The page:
* The Eighth Day, Dianne Salerni. I think this was recommended by someone in my Friday book club, because my sister mentioned having read it as well. If so, thanks! It was a fun kidlit about a boy who finds an extra day hidden in the week, accessible only by a few. He isn't sure he wants to join the extra day club, and they aren't sure they want him, so no one tells him anything and his ignorance pulls him into an adventure. I think I'll read the sequels, although I have to wait until April when my new book fast is over.
* Dick Francis's Refusal, Felix Francis. A Reading My Library Quest book. Dick Francis's son tries to continue his work.
* Books I started this week. Most books tend last for weeks on my lists, because I have this habit of reading dozens of things at once. But occasionally I keep focus for several days on end.I read a picture book:
Moomin's Winter Follies, Tove Jannson. This is a comic book version of a Moomin story, which I read in illustrated text back in my youth.
And I started five new books:
The Gospel of Loki, Joanne Harris. My kids recommended this sequel, and I liked her other books and the first Runemarks book.
Dreaming Spies, Laurie King. A Reading My Library Quest book (they are due very soon). Next in the Mary Russell/Sherlock Holmes series.
The Veil, Chloe Neill. The winter hiatus Vaginal Fantasy book.
Awakening to the Sacred, Lama Surya Das. Randomly chosen from my nonfiction shelf.
The Prisoner, Lia Silver. Another Werewolf Marine romance, this time with the best friend of the guy in the previous book.
Hush, Hush, Laura Lippman. Started, abandoned. I like Lippman, and her books are set in useful places, but I just didn't feel like figuring out all the backstory in this book featuring recurring characters. And the premise of parents killing children didn't thrill me. And the library wanted it back so I would have had to read it super quickly, and I knew I didn't want to do that.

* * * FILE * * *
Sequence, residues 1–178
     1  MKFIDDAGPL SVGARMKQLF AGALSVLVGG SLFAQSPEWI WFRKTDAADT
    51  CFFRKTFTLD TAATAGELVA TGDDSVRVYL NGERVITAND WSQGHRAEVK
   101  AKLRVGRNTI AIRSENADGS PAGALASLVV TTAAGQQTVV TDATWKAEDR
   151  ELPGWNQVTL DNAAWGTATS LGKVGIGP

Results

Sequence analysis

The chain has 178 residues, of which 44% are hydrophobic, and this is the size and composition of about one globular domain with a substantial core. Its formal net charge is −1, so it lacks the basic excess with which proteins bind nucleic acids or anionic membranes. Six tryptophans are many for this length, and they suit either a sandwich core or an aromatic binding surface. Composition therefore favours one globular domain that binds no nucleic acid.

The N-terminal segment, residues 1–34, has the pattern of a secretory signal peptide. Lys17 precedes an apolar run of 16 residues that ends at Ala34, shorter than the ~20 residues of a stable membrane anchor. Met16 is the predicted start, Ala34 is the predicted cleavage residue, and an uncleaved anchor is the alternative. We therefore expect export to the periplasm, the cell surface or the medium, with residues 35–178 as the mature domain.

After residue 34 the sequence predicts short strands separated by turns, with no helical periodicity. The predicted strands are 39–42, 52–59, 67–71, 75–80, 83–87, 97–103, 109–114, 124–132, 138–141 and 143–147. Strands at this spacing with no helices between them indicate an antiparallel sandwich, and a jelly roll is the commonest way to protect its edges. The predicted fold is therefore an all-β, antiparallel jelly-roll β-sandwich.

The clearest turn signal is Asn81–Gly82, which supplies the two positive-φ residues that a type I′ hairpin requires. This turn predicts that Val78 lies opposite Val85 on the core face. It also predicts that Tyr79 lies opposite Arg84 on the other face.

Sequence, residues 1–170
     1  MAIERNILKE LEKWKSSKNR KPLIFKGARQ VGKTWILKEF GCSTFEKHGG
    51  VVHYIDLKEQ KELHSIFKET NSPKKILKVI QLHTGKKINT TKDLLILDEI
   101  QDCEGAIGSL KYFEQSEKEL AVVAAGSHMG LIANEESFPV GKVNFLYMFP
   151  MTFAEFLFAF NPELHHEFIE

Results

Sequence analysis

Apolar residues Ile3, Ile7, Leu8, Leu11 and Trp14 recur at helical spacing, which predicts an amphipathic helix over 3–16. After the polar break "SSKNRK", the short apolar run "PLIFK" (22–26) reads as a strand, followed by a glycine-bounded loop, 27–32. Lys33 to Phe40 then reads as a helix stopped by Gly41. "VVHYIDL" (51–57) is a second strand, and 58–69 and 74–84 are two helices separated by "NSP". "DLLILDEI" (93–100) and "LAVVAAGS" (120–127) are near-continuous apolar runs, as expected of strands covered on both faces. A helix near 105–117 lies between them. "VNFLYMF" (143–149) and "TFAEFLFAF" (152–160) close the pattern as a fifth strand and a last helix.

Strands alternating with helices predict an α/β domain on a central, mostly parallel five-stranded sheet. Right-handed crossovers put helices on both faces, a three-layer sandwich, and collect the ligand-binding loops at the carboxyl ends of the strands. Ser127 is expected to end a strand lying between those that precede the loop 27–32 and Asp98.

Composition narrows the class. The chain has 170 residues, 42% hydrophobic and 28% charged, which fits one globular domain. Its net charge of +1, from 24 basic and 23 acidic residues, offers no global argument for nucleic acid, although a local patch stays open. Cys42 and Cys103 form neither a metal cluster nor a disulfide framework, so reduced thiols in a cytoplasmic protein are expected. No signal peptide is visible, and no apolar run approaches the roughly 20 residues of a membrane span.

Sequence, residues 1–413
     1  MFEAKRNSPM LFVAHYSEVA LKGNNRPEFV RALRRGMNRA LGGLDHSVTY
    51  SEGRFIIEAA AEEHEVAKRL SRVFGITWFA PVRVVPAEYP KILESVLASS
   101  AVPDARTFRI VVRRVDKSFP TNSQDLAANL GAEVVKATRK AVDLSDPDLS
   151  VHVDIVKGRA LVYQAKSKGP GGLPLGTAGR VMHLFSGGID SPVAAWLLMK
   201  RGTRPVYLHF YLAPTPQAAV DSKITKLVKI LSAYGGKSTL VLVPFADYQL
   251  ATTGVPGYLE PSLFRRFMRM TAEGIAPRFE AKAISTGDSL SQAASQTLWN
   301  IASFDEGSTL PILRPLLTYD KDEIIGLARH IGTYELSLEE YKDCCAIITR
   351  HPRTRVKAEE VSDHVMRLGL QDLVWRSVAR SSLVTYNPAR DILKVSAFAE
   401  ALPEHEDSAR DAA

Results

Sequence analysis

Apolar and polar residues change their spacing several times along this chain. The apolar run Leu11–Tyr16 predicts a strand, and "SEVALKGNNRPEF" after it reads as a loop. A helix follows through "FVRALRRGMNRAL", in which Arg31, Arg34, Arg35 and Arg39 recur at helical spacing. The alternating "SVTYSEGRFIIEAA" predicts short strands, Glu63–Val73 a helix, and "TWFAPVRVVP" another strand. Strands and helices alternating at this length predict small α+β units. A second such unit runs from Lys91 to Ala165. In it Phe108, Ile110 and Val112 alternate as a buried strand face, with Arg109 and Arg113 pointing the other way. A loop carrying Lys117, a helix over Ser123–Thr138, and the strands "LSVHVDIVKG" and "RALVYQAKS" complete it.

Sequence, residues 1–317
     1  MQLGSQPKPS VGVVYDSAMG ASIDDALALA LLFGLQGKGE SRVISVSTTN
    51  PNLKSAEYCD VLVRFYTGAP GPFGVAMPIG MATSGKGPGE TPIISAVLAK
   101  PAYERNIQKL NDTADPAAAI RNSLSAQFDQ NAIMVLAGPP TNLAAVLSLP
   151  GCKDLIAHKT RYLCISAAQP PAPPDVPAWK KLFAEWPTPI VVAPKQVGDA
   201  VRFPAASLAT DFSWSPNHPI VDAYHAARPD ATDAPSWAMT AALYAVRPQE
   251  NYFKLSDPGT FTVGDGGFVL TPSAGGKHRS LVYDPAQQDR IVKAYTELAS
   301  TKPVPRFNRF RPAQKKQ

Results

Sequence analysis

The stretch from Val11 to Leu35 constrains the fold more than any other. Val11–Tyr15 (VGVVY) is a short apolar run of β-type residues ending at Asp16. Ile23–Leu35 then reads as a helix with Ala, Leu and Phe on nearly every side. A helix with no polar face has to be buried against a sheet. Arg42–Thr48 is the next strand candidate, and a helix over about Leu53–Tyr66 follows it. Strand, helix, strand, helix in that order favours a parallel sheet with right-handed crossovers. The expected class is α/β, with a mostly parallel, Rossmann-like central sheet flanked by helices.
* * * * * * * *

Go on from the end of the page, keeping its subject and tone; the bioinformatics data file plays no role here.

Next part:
Bookmarks moved in several books:
The Heist, Janet Evanovich & Lee Goldberg. Their first big heist for the FBI is getting complicated.
Republic, Lindsay Buroker. This is a pure pleasure read.
Under a Graveyard Sky, John Ringo. This week: beetles for body disposal, and a new yacht.
Crux, Ramaz Naam. I'm on page 100, and it still feels like setup; the story hasn't really gotten started. One person died and the other cracked under torture, so I think it's about to go.
Tarzan Alive, Philip Jose Farmer. I'm not supposed to read too much, because that's how the Tuesday book club rolls. The conceit is fun (it's a scholarly examination of the Tarzan stories, showing what is true and what Burroughs fudged. I liked the analysis of the connection to Sherlock Holmes and Peter Whimsy.).
The next few books I'm not really reading, just dipping into between the books I'm trying to finish so that I can pretend that I'm going to read the books on my bookcases.
Rob Roy, Walter Scott.
Waiting For the Party, Ann Thwaite.
A Traitor To Memory, Elizabeth George.
Awakening to the Sacred, Lama Surya Das. This book will join its friends here.
Reading and Learning To Read, Jo Vacca. The differences in picking the gaps for fill-in-the-blank reading.
2016 Challenge Progress:
- Cybils 2015: Five out of 82. Working on YA Fiction.
- Reading My Library: Finished Songs of Willow Frost and Dick Francis's Refusal. I'm on the last CD of The Heist.
- Where Am I Reading?: Chile, England, and Canada. New states of Michigan, Pennsylvania, California and Washington.
- TBR Triple Dog Dare. My totals are 6 library books, 2 personal library, 1 e-book.